True or not, rumors of Yankees sale are further evidence of the softening of Steinbrenner regime

The last time I saw Hank Steinbrenner, I think, was very early one November morning, 2009.

It was dark and cold outside Yankee Stadium. He was standing on a landing, a couple steps into a breeze that had caused him to turn up the lapel on his sport coat. He pressed a cell phone to an ear with one hand and waved a near-spent cigarette with the other, so the orangey glow bounced and swirled with his conversation. Maybe it was the late hour and maybe it was the champagne, but Hank leaned heavily onto an iron barrier, his elbows on the top bar and one foot propped on the bottom bar.

The passing headlights, directed toward Macombs Dam Bridge, cast him in silhouette. On the road, faceless people shouted from their windows to no one in particular, and honked their horns, and on the sidewalk others returned the boastful chatter.

The Yankees were champions again and Hank's father seemed barely lucid enough to understand it. Indeed, George Steinbrenner would die the following summer. Watching Hank tilt rakishly into the darkness of the night and the future, I thought, "Now that's what the owner of the New York Yankees looks like."

A smoke-'em-if-ya-got-'em, shoot-from-the-hip loudmouth in a $1,500 blue blazer, a guy who'd gripe about the commissioner just as easy as he'd bury a utilityman who couldn't get an eighth-inning bunt down. You know, versatile like that.

Alas, it wasn't long before the button-down, smart brother won – that would be Hal – though not before Hank rakishly smoked and shot the payroll to bits with the Alex Rodriguez contract, like, seconds before Hal broke down the door to the office and yanked the phone cord from the wall.

So, the Yankees went corporate, more corporate, just like their new building, and the team probably never would be lost in a late-night poker game in a Midtown penthouse, sadly enough. I didn't know how many personnel decisions would be made in a rage, or out of spite, or just to piss off the Boston Red Sox or the commissioner, but I assumed it would be fewer.

And the Yankees became, I don't know, a little boring. The Red Sox were the full-blown zoo, while the Yankees dispensed pellets to the petting zoo. That's why Thursday was so important, so interesting, and so fun.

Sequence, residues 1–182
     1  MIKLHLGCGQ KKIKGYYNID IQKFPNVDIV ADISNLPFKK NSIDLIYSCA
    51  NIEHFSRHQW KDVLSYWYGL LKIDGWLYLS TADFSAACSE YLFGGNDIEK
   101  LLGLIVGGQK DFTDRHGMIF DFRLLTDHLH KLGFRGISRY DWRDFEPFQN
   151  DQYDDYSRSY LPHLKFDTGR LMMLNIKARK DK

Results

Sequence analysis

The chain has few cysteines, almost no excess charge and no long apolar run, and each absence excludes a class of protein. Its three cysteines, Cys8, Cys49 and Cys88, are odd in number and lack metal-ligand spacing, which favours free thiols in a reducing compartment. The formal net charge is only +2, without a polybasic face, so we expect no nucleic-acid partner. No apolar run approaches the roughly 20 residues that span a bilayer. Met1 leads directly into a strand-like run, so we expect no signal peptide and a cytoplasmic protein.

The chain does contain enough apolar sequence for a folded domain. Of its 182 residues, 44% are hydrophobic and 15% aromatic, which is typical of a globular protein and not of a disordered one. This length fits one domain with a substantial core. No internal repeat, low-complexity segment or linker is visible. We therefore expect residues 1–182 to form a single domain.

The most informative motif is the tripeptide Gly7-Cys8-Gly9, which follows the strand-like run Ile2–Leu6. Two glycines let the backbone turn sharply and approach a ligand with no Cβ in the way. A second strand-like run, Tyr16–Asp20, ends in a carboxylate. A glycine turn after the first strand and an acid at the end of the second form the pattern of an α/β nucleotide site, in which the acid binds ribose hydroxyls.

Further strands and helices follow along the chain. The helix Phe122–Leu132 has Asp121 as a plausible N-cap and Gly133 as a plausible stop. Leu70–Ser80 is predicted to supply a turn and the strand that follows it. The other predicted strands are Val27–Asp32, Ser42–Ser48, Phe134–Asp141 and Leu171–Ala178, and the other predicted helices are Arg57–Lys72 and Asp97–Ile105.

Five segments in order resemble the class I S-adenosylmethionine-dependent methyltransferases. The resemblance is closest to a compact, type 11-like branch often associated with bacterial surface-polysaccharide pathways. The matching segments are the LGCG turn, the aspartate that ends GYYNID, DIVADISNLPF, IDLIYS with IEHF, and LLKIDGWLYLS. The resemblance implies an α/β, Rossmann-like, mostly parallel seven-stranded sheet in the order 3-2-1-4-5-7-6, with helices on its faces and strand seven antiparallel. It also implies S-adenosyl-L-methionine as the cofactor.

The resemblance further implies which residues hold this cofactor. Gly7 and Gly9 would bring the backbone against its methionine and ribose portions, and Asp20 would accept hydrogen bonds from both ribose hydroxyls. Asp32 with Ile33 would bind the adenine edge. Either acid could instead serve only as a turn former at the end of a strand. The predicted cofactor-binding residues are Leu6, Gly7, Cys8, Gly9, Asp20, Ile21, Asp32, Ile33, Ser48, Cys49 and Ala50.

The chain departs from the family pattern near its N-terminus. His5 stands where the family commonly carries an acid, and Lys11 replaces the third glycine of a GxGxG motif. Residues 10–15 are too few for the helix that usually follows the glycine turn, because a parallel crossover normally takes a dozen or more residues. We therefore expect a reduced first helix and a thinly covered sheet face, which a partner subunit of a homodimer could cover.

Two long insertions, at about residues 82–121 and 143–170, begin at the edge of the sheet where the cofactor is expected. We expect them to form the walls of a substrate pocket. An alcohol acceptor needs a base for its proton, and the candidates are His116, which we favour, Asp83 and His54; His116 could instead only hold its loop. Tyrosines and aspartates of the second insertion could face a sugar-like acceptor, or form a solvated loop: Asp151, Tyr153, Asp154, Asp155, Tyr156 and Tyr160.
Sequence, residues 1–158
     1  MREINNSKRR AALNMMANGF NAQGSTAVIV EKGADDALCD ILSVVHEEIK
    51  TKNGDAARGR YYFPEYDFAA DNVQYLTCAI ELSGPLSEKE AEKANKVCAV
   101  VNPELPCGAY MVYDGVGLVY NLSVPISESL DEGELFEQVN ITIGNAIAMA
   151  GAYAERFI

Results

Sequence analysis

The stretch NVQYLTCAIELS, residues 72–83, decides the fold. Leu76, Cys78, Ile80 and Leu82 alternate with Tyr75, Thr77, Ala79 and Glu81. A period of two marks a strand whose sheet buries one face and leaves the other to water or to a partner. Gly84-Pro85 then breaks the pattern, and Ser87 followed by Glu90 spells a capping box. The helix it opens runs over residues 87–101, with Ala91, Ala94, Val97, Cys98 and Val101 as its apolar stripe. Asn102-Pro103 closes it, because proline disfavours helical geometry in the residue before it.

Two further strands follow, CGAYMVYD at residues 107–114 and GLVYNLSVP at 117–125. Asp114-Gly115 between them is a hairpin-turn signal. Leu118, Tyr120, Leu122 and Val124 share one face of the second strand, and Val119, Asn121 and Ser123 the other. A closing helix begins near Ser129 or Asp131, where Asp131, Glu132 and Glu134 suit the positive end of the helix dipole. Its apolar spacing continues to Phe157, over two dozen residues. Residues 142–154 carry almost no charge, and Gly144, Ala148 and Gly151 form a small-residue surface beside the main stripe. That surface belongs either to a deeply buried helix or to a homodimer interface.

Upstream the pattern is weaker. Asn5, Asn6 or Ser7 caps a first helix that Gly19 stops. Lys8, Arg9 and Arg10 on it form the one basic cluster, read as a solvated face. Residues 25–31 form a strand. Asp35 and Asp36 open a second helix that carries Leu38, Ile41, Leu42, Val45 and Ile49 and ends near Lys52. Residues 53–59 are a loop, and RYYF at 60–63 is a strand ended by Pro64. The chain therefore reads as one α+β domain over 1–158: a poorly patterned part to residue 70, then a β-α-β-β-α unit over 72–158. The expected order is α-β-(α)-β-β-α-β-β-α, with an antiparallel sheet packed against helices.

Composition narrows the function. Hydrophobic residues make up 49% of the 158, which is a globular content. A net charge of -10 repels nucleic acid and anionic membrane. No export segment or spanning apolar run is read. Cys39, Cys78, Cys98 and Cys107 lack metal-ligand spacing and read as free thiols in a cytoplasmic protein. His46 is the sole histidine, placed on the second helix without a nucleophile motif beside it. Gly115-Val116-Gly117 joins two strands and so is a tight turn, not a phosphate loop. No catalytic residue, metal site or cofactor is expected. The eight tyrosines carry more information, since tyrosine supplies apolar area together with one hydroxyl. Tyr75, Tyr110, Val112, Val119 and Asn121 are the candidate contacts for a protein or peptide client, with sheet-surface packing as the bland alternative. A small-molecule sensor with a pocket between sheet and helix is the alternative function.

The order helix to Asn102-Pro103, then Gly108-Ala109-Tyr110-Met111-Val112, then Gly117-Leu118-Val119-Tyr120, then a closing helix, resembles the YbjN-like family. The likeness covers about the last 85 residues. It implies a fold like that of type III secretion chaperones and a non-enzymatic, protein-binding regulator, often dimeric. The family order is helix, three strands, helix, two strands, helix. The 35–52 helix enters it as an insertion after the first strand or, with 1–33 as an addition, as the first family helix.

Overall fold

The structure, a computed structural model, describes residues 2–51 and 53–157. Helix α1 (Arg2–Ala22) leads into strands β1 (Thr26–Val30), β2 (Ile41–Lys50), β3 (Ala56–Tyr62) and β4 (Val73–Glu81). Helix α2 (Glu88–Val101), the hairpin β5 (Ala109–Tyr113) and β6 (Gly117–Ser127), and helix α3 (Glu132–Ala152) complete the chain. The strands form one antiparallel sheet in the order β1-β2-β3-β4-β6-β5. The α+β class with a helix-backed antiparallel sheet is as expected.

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When the New York Daily News reported that the Steinbrenners were considering selling the Yankees, my first impression is the story never would have been planted/written/splashed across a back page if Hank were still running things.

First, I wouldn't believe Hank would sell, not by the way he talked about the team, the way he went all pit bull on the pencil necks who dared cross the pinstripes, the way he scowled as he cupped a heater against the Bronx wind. Hank, like his pops, right or wrong, friend or foe, swung the Yankees like a war scythe.

Second, this sounds to me like the perfect crime. The Los Angeles Dodgers sell for an outrageous $2.15 billion, and would it be that great a leap to assume the Yankees – for the franchise, the ballpark, YES Network and the worldwide brand – could go for twice that? So, you're some smart guy who reports to another smart guy who happens to work for the Yankees, and you come up with a strategy that leaks word the Yankees might actually be had for the right price, all while maintaining plausible deniability.

Hal Steinbrenner, president Randy Levine, general manager Brian Cashman, even the league office come charging out from behind their desks to shoot down the Daily News story, which, granted, was a little light on particulars, but carried the unmistakable message: Psst, call me.

"Pure fiction," Hal said.

"There is absolutely, positively nothing to this," Levine said.

"Highly unlikely," Cashman said.

"Hmmm, the Yankees?" every guy with a couple billion dollars to rub together said.

Honestly, owning a major-league baseball team is less about getting rich than it is staying rich. Between the public-sponsored ballparks, the TV revenue, the revenue sharing (assuming you're on the happy end), the advertising, the Internet, all that, the place practically pays for itself. Then, at the end, you double your money, at worst. Frank McCourt walked in for airfare and walked out having cleared something like $1 billion.

[Big League Stew: Steinbrenner family refutes rumors of possible sale of Yankees]

It's a vanity buy, of course. You have a bunch of wealthy old white men who generally made their fortunes anonymously, which doesn't play quite as well on the golf course or the piano bar. But the owner of the local professional ballclub? Well, let's just say the piano bar just became a much happier place. And smells better.

These things do run their course, however. The headaches can be enormous. Just this spring Hal announced the Yankees would be cutting payroll, because, well, because he said so. In the wake of the report the Steinbrenners could possibly be on the cusp of maybe considering something like auctioning the Yankees (if I read that right), there arrived testimonials that Hal and the rest of the Steinbrenner brood loved the Yankees, loved baseball, loved the players, loved the fight of it all.

And I found that amazing. I mean, that it even needed to be said. George hated about as well as he loved, but there was never a doubt about his loyalties. The man would go to his grave in a pinstriped bullpen car, and he damned near did. A few years later, his heirs – and the people who work for his heirs – spent a day defending their commitment to what their father built.

Maybe they'll sell one day. Maybe they won't. But, it made me think of two things:

Everything has its price.

And I miss George. And Hank.

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